Ericsson has secured a prime spot within New Zealand's national broadband roll-out, signing a deal with Telecom New Zealand's network business Chorus to provide fibre for the roll-out.
Chorus, which is to be split from Telecom NZ, has been selected to build the network in 24 regions, which represents about 70 per cent of the country's NZ$1.35 billion Ultra-Fast Broadband network will cover. Ericsson will provide air-blown fibre-optic cable to the provider to complete the build. It will also provide microducts, tools and related accessories.
The fibre will be able to carry data at speeds of at least 100Mbps downstream and 50Mbps upstream.
"We are at the start of the fibre journey, and it is critical we make the right infrastructure choices that will set us up for a successful future," Chris Dyhrberg, Chorus general manager for Network Build said in a statement. "This agreement is a significant part of making sure we get our fibre network build right, at the outset."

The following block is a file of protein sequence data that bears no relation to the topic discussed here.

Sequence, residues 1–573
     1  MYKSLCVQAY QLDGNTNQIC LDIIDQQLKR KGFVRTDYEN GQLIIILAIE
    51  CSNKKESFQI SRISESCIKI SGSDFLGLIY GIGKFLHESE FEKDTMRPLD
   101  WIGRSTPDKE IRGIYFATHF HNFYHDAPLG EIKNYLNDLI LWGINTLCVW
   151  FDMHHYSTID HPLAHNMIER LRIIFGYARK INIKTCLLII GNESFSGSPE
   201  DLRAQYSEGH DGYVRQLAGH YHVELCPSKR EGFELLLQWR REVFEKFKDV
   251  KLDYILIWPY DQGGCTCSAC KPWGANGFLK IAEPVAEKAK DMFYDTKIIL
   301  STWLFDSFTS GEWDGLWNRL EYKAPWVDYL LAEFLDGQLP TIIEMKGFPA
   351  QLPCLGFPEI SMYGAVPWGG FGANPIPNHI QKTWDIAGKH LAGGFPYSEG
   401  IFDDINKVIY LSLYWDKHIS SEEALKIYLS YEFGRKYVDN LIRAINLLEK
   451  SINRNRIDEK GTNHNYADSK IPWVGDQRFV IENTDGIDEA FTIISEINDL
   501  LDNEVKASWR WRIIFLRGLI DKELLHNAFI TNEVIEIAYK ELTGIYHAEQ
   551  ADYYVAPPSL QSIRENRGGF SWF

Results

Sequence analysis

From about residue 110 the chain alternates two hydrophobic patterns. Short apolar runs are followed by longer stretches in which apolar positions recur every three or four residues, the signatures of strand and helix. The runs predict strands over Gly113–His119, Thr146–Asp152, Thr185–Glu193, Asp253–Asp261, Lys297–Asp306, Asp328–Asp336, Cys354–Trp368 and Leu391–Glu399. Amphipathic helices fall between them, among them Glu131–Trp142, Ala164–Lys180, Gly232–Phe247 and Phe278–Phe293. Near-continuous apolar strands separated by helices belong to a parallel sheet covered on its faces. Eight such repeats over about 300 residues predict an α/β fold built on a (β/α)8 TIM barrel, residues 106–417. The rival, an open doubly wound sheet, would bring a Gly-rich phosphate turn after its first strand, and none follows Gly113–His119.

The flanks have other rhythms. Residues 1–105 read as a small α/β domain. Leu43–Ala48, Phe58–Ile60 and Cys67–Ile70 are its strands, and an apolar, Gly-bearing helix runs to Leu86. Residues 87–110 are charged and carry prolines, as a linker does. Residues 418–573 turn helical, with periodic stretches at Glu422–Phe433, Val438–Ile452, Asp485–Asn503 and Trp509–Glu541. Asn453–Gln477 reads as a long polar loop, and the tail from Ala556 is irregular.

Ericsson said it had broad experience in air-blown fibre networks and their deployment.
"Air-blown fibre is an extremely efficient system to install, allowing for incremental expansion without additional significant civil works. It cuts down deployment time when compared with traditional fibre installation methods," Ericsson New Zealand head Alfred Ling said in a statement.
Ericsson has been involved in fibre projects in New Zealand with Telecom NZ, the then Telstra Saturn and Vector.